Business Law

New Law Brings Big Changes for Small Businesses

Do you own a small business, or are you thinking about starting one? If so you need to know about a new federal law written just for you.


In late September 2010, after a summer full of debate and give-and-take, President Obama signed the Small Business Jobs and Credit Act (SBJCA) into law. Basically, the law gives incentives for entrepreneurs to start-up new small businesses, as well as aid and incentives for existing small businesses to stay open and hire new workers.

Here are some of the key provisions:

Tax deductions. There are two big tax breaks in the SBJCA:

  • For sole proprietors or self-employed business owners, you can take a tax deduction for health insurance premiums you pay. The deduction lowers your self-employment taxes. It covers premiums paid for you, your spouse, and your children up to age 26

  • You can take an extra $5,000 tax deduction for start-up costs. The new limit is $10,000

Loans. The SBJCA creates the Small Business Lending Fund Program. Among other things, the program gives billions of dollars to local banks to make small business loans. Also, the Program increases the amount of money the Small Business Administration (SBA) may lend under its loan programs, as well as eliminates fees on most SBA loans.

Increase in Section 179 deductions or expensing. Now you can invest more in your own company by buying new machines or equipment, and expense up to $500,000 (an increase from $250,000). The SBJCA also allows you to expense items like certain real property and computer software and expense up to $250,000 of the costs.

These are just a few of good things the SBJCA does to help small businesses. Check out the law for more details, or talk to your business law attorney or accountant for more details.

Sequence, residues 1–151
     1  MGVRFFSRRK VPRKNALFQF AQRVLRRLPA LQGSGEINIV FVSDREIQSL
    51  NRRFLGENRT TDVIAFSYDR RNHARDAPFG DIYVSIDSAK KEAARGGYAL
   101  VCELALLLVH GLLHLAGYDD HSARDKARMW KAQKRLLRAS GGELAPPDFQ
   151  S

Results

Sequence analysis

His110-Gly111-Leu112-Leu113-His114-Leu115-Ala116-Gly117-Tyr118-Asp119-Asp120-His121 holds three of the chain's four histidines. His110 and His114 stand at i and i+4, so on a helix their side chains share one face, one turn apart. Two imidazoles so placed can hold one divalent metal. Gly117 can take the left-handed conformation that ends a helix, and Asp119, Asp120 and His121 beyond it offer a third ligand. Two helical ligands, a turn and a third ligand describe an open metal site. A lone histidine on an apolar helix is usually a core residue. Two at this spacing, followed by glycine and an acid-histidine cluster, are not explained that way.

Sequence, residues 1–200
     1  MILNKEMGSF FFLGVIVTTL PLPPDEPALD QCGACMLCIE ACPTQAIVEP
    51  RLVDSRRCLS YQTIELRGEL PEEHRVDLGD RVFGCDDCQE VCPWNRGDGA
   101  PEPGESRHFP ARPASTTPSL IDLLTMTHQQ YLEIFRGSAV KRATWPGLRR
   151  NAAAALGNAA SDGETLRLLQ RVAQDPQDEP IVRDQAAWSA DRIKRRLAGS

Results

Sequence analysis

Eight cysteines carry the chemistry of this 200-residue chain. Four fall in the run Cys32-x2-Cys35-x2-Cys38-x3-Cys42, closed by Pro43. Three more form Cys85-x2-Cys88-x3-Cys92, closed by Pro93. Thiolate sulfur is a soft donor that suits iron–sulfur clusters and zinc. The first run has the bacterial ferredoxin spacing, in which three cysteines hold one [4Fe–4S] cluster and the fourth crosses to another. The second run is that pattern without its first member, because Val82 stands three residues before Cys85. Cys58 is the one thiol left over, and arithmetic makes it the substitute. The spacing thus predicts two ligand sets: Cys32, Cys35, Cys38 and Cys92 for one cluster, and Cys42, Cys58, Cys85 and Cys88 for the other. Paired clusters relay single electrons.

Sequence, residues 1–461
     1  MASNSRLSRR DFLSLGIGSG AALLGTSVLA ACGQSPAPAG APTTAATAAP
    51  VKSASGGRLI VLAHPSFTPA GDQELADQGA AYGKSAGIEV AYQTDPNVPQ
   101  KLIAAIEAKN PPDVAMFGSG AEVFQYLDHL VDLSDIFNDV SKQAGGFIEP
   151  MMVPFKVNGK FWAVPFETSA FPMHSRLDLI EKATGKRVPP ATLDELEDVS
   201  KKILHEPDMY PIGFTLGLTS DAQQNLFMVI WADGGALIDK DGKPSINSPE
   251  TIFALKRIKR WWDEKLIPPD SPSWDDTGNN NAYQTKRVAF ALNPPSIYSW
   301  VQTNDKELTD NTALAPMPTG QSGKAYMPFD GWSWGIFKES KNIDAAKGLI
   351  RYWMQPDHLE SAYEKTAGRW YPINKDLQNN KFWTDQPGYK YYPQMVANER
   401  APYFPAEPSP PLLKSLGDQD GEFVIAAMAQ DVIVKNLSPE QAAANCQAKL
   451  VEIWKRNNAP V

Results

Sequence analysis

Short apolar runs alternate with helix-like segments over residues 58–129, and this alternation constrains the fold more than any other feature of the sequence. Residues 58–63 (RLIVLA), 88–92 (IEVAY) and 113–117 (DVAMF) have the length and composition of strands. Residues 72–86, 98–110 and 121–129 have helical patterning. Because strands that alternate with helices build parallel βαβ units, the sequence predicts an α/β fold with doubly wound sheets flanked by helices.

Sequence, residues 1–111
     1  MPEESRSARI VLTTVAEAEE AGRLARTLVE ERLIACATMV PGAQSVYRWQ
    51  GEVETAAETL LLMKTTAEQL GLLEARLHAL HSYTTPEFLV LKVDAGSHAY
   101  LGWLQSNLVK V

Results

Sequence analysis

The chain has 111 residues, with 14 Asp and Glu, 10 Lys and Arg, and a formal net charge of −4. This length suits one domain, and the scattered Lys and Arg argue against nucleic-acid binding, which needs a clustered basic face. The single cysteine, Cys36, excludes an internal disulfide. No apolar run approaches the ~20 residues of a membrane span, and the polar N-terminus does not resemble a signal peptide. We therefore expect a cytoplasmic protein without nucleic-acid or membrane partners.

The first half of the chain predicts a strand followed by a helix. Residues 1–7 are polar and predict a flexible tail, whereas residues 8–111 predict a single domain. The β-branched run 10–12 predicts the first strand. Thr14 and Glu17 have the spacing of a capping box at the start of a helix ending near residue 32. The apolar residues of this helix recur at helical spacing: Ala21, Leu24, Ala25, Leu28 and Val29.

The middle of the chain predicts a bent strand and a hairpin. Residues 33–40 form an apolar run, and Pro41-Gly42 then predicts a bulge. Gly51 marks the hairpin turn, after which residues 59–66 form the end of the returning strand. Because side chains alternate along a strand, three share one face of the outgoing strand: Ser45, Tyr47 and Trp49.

Not-So-Good News

Like with many things in life, you have to take the bad with the good when it comes to the SBJCA. Perhaps the worst part of the law is a new IRS reporting requirement. Under the SBJCA, small business owners who purchase goods costing more than $600 will have to file an IRS Form 1099 for each purchase. In the past, small businesses had to file the form for services costing more than $600, such as accountant fees.

Now, each time you buy over $600 in machinery or equipment - from a lawnmower to an ice machine - or need the services of a plumber or electrician - even if it's for your rental property - you need to file a Form 1099. Critics claim this requirement will hurt small businesses by increasing their costs - more forms means more time away from the job or paying someone else to fill them out.

What You Can Do

To take advantage of some of the SBJCA's offerings, you need to act fast. For instance, you only have one tax year to take the tax deduction for health care premiums. Also, the new Section 179 expensing provisions are good only through 2011.

You should also start thinking about your expected or needed expenditures for goods and services for the rest of 2010 and early 2011. The new 1099 reporting requirement starts in January 2011. If you can afford it now, it may save you time and money in paperwork to pay for goods and services over $600 by the end of 2010. Regardless, be sure to check the IRS web site periodically for the 1099 Forms for 2011 so you're prepared for the new requirements.

The SBJCA certainly will help many new and existing small businesses. Talk to your attorney or your accountant to make sure you're taking full advantage of the new law and following the new rules, too.

Questions for Your Attorney

  • Does the SBJCA affect what legal form my start up should take?
  • What happens to the expensing provisions after 2011?
  • Can I file my 1099s electronically?
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